The pre-pandemic workplace is nearly unrecognizable to a society that has experienced a one-in-a-lifetime health crisis.
Now that many places around the world are lifting their pandemic-era restrictions, office activity is growing. However, desks are still largely empty as employees continue working from home for at least part of the week.
Flexible and hybrid working are here to stay, and leaders that have long opposed these arrangements are in for a rude awakening, especially as recent research from the Future Forum shows that 68% of knowledge workers prefer a hybrid model.
“Everybody really did have an expectation that it would all go back to normal. And I think now is a dawning realization that it isn’t,” said Julia Hobsbawm, author of “The Nowhere Office: Reinventing Work and the Workplace of the Future.”
One such firm remaining adamant about the need for in-person work is Goldman Sachs, whose CEO David Solomon infamously referred to remote working as “an aberration.”
Other banking firms have loosened their traditional workplace strategies, with JPMorgan Chase predicting staffers to be in the office for part of the week.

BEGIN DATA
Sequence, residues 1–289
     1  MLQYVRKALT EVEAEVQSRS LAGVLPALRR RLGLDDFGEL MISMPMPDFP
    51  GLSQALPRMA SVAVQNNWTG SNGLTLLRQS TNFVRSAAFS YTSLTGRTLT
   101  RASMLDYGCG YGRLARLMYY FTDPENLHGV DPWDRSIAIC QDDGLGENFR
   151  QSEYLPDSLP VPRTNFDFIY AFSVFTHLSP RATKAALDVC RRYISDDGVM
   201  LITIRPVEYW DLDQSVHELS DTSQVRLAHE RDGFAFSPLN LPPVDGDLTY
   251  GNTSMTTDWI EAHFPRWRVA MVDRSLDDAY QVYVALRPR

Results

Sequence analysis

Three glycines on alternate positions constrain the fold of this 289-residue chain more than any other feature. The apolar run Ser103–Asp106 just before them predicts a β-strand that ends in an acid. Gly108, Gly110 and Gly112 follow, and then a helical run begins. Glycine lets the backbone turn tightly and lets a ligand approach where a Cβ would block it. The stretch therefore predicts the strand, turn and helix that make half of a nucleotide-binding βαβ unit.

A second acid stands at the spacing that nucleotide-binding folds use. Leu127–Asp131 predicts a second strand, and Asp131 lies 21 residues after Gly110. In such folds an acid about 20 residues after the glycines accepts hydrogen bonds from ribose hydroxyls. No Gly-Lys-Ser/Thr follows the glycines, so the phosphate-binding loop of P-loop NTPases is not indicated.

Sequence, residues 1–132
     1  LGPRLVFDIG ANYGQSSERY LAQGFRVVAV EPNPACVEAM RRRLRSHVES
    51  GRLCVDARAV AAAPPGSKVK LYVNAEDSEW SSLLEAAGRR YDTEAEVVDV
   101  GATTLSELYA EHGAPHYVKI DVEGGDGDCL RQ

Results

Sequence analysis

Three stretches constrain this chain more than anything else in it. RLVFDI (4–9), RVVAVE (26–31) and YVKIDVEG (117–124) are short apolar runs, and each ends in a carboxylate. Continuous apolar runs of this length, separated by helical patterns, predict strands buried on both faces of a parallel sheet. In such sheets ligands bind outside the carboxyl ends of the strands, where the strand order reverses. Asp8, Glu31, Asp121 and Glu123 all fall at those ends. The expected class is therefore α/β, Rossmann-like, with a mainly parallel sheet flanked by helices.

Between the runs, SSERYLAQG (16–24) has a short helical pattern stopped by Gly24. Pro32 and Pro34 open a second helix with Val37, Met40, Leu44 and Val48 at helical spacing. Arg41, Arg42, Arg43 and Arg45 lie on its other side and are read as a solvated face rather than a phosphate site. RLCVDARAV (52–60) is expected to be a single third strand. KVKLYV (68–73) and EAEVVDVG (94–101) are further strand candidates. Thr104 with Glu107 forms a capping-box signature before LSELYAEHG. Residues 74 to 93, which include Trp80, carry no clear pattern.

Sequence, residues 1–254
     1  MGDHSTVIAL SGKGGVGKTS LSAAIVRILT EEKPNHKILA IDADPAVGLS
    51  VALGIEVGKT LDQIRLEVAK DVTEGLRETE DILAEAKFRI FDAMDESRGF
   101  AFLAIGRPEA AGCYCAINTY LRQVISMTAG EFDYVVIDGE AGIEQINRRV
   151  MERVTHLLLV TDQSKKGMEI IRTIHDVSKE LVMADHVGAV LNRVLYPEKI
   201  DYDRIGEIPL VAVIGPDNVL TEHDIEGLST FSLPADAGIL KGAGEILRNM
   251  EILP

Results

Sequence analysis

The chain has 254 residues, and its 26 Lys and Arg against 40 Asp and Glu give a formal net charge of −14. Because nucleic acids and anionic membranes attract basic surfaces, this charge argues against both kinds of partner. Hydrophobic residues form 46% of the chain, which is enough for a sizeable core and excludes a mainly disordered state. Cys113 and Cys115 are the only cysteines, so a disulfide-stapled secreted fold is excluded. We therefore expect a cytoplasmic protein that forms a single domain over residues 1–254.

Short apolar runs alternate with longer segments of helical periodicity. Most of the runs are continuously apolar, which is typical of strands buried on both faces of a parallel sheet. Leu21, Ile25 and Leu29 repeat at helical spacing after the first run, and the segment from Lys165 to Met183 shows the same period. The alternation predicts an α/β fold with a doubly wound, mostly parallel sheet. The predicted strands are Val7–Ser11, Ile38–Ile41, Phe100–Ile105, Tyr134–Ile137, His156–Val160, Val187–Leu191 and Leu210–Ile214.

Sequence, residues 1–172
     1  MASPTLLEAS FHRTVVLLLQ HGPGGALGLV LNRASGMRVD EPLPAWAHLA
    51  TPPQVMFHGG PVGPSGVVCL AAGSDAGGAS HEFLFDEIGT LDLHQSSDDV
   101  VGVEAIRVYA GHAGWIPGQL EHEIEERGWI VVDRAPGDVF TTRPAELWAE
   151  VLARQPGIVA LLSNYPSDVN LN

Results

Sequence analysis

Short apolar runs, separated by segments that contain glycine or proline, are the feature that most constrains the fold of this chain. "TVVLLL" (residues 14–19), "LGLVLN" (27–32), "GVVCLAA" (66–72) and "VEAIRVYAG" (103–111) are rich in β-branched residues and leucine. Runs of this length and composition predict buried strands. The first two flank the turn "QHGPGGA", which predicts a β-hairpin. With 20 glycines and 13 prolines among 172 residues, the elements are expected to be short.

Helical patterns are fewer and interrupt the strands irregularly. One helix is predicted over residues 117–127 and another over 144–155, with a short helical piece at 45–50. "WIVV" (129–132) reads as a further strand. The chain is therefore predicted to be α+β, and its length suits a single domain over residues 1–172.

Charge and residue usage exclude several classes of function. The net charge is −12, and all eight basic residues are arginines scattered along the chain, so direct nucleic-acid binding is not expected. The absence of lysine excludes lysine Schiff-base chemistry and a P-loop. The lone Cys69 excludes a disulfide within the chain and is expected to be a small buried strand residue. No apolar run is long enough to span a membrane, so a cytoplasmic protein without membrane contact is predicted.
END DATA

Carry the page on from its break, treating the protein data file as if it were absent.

Companies that force employees back into the office without concrete reasoning may soon be victims of the Great Resignation. There has been a shift in power within the workplace, and employees unsatisfied with their benefits and offerings have become encouraged to look for new employment.
Although the shift to a more flexible workplace is bound to hurt some commercial real estate endeavors in the future, the benefits and impact on the global economy may outweigh any downside.
“I absolutely have sympathy with Goldman Sachs and any organization trying to balance what it needs to do on a daily basis,” said Hobsbawm. “But what I would say to all the business leaders and policymakers is please, take a look around you. Please read the room.”